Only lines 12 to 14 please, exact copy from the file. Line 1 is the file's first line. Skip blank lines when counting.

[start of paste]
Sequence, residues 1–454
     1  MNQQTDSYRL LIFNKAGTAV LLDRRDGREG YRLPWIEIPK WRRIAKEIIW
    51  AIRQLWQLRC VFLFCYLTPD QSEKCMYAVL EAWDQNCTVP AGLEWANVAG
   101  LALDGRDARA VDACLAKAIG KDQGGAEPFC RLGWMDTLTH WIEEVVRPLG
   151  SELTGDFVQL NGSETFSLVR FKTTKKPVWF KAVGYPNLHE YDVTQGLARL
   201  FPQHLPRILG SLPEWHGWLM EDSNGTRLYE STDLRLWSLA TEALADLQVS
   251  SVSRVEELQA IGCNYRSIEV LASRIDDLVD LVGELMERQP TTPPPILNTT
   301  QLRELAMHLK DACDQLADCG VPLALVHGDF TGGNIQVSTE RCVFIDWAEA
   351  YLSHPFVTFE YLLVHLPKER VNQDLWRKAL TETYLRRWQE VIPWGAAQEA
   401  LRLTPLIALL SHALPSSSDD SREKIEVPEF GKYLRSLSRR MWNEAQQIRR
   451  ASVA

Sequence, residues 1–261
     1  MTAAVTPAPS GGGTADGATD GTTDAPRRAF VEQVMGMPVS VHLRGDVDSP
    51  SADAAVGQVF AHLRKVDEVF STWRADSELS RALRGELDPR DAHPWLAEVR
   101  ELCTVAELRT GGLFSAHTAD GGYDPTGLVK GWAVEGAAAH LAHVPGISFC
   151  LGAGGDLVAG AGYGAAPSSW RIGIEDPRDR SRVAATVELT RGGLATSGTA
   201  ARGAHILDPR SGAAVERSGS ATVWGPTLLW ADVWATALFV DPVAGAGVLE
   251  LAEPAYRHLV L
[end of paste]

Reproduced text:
Sequence, residues 1–261
     1  MTAAVTPAPS GGGTADGATD GTTDAPRRAF VEQVMGMPVS VHLRGDVDSP
    51  SADAAVGQVF AHLRKVDEVF STWRADSELS RALRGELDPR DAHPWLAEVR